Kylo Ren : Do you know the truth about your parents? Or have you always known? You’ve just hidden it away. Say it.

Rey : [in tears]  They were nobody.

Kylo Ren : They were filthy junk traders. Sold you off for drinking money. They’re dead in a pauper’s grave in the Jakku desert. You come from nothing.

Although Rey has been characterised as Ren’s “equal in the Light,” she isn’t a Skywalker. The Last Jedi repudiates the sacred bloodline. Rey has no aristocratic lineage or ancient prophecy about her birth, but for the first time in a Star Wars film, that doesn’t matter.

The saying, “A single spark can start a prairie fire,” is an apt description of how the current situation will develop. We need only look at the strikes by the workers, the uprisings by the peasants, the mutinies of soldiers and the strikes of students which are developing in many places to see that it cannot be long before a “spark” kindles “a prairie fire.”

Mao Zedong

As a film, The Last Jedi sometimes finds itself in an awkward middle ground. On the one hand, it has to maintain continuity with The Force Awakens (and the franchise in general). On the other, though, it offers an incompatible ethical and political sensibility. Staying true to the source material while turning it on its head doesn’t always lend itself to elegance, and at its weakest The Last Jedi makes unfortunate concessions. While it never reaches the depth of pandering of The Force Awakens, it still wastes too much screentime on “Easter eggs” and sequences rehashed from earlier Star Wars movies. Plus, since JJ Abrams is writing and directing the sequel trilogy’s third installment, The Last Jedi‘s innovations will likely be scrapped. Star Wars 9 seems likely to be another fan-pleasing, boilerplate nostalgia trip.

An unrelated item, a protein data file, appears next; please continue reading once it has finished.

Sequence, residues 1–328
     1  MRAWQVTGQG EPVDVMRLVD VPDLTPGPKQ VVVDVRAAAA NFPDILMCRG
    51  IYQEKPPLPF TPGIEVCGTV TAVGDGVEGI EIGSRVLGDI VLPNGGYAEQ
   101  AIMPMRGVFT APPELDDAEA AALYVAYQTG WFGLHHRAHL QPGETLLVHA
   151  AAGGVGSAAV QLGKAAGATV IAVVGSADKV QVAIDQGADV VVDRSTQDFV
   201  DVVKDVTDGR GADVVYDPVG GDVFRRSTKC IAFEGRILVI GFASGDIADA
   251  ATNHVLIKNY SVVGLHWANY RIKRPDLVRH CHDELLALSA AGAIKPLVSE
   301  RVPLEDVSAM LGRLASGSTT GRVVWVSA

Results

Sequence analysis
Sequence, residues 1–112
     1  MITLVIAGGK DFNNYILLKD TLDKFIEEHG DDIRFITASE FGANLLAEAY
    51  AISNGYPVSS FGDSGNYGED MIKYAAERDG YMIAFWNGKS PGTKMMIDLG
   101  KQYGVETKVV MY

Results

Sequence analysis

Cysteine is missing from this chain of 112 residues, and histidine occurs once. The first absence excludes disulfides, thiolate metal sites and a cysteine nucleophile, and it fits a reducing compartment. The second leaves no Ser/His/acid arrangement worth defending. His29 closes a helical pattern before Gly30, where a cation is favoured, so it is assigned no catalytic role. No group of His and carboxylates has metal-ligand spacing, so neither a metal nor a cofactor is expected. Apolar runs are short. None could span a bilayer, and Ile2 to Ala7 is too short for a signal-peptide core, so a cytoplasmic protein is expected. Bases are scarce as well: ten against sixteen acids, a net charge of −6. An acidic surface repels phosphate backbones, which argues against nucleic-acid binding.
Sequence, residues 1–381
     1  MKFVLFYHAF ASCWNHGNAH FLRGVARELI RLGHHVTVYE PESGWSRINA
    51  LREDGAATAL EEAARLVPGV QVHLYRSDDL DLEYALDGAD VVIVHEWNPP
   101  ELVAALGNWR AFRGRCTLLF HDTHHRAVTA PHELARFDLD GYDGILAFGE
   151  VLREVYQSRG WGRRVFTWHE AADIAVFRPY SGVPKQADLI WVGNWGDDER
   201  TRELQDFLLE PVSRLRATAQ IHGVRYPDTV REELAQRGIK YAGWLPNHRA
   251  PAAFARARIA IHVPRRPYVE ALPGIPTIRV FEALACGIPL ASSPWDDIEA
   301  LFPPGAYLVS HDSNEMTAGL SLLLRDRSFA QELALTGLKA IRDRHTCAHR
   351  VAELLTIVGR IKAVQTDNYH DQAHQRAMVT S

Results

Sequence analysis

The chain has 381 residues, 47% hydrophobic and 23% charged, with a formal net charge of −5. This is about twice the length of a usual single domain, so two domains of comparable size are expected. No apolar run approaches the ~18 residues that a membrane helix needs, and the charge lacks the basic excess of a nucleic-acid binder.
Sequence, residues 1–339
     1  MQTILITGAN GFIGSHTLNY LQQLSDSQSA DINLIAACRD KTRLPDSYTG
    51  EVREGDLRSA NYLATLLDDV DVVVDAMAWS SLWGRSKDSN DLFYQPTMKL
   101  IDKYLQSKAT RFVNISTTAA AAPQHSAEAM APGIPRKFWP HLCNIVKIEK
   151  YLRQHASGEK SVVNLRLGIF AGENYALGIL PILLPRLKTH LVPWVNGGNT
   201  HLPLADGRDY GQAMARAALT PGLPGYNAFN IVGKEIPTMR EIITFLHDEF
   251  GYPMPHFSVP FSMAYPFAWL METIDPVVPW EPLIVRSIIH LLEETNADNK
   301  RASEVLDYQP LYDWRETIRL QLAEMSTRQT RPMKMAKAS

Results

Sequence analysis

However, The Last Jedi has still pulled off something special. As the film ends, a group of enslaved children (who had earlier assisted Rose and Finn on their mission) tell each other about the survival of the Resistance. But the hope they draw from that isn’t a passive desire for rescue. The guerrillas of the Resistance depend on them, not the other way around. History belongs to the people.

That’s what The Last Jedi brings to Star Wars. That’s what we should let it teach us.


Sophia Burns is a communist and polytheist in the US Pacific Northwest. Support her on Patreon.

Escaping the Otherworld: The Reenchantment of Paganism

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“There is another world and it is this one.”

attributed to the French surrealist and communist poet, Paul Éluard

A Message from an “Awakened Elf”

Recently, I received a personal message on Facebook from someone I don’t know promoting a book, The Elves from Ancient Times to Our Days: The Magical Heritage of Starry People and Their Continuation into the Modern World.  The full message is too long to reproduce here, but I will share a few excerpts from it.